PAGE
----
Jack The Giant Slayer
This ambitious but ultimately flawed addition to recent fairytale modernisation films is directed by Bryan Singer.
But it’s hard to find anything you would class as reminiscent of the man who brought the world The Usual Suspects or X-Men and X-Men 2 within this very standard fantasy blockbuster.
The film takes the classic tale as a springboard for CGI and huge set -pieces, war and battles and serious faces from troubled figures of lore.
Nicholas Hoult is Jack, a simple farmhand who inadvertently opens up a portal into giant land. All hell breaks loose, causing him to try to stop the old rivalry destroying everything. Loud, big and clunky, it has a few redeeming moments but overall you just feel it should have been slayed at the development stage and Singer handed a script less beige and more rage.
Continuing the ancient, fairytale-esque thread is a family animation about a road trip with a difference.
It’s taken by a prehistoric family and Dreamworks hope it will do for them what Shrek did a long, long time ago. I don’t think it will, because despite the voice cast, which includes Nicolas Cage, Emma Stone and Ryan Reynolds, it’s awkward and doesn’t know what it’s central thread is.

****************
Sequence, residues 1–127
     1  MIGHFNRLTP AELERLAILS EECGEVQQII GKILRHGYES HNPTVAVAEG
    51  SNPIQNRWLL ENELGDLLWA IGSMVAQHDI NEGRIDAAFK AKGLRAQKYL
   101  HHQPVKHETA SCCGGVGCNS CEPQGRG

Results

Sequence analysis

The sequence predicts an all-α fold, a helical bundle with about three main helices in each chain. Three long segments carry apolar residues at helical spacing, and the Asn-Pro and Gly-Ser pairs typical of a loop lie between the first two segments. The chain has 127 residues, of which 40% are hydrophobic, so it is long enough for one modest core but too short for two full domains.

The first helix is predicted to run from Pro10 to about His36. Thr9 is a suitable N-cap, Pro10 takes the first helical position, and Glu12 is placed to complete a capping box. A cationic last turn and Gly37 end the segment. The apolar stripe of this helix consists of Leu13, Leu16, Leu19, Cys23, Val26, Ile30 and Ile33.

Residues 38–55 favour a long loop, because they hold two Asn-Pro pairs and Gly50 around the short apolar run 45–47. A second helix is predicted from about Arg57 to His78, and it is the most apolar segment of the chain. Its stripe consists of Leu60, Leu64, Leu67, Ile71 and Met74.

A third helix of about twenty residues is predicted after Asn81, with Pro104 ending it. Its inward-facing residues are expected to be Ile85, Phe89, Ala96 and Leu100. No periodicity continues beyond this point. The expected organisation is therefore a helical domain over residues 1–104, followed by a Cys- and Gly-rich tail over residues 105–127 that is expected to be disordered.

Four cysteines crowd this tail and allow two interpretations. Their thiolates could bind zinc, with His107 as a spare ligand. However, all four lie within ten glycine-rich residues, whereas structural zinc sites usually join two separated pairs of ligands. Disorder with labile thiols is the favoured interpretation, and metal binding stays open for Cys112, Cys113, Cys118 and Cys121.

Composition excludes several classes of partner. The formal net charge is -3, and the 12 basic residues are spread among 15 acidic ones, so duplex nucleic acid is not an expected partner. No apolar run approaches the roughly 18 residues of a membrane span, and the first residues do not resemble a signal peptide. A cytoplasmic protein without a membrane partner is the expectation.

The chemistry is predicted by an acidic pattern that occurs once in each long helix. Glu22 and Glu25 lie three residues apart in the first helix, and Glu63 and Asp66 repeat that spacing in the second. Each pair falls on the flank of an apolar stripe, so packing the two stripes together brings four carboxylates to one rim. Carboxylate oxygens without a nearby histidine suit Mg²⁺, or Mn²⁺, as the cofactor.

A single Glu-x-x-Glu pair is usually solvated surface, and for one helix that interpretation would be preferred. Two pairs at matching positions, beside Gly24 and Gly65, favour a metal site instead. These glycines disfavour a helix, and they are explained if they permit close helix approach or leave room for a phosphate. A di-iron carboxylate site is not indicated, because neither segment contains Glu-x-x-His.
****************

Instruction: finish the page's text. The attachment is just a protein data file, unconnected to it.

The father-daughter relationship is the most interesting plot line, but it’s never given room to breathe as the film-makers try to spread the potential laughs and drama as thinly as possible to please as many as possible.
Nicolas Cage reunites with Simon West, who directed him in Con Air, but neither can replicate the magic of that hit. A guilty pleasure at best as he plays an ex-thief racing to find his kidnapped daughter who is somewhere in the boot of a taxi. The plots get thinner, as does his hair, and as does our patience with this talented but so frustrating star.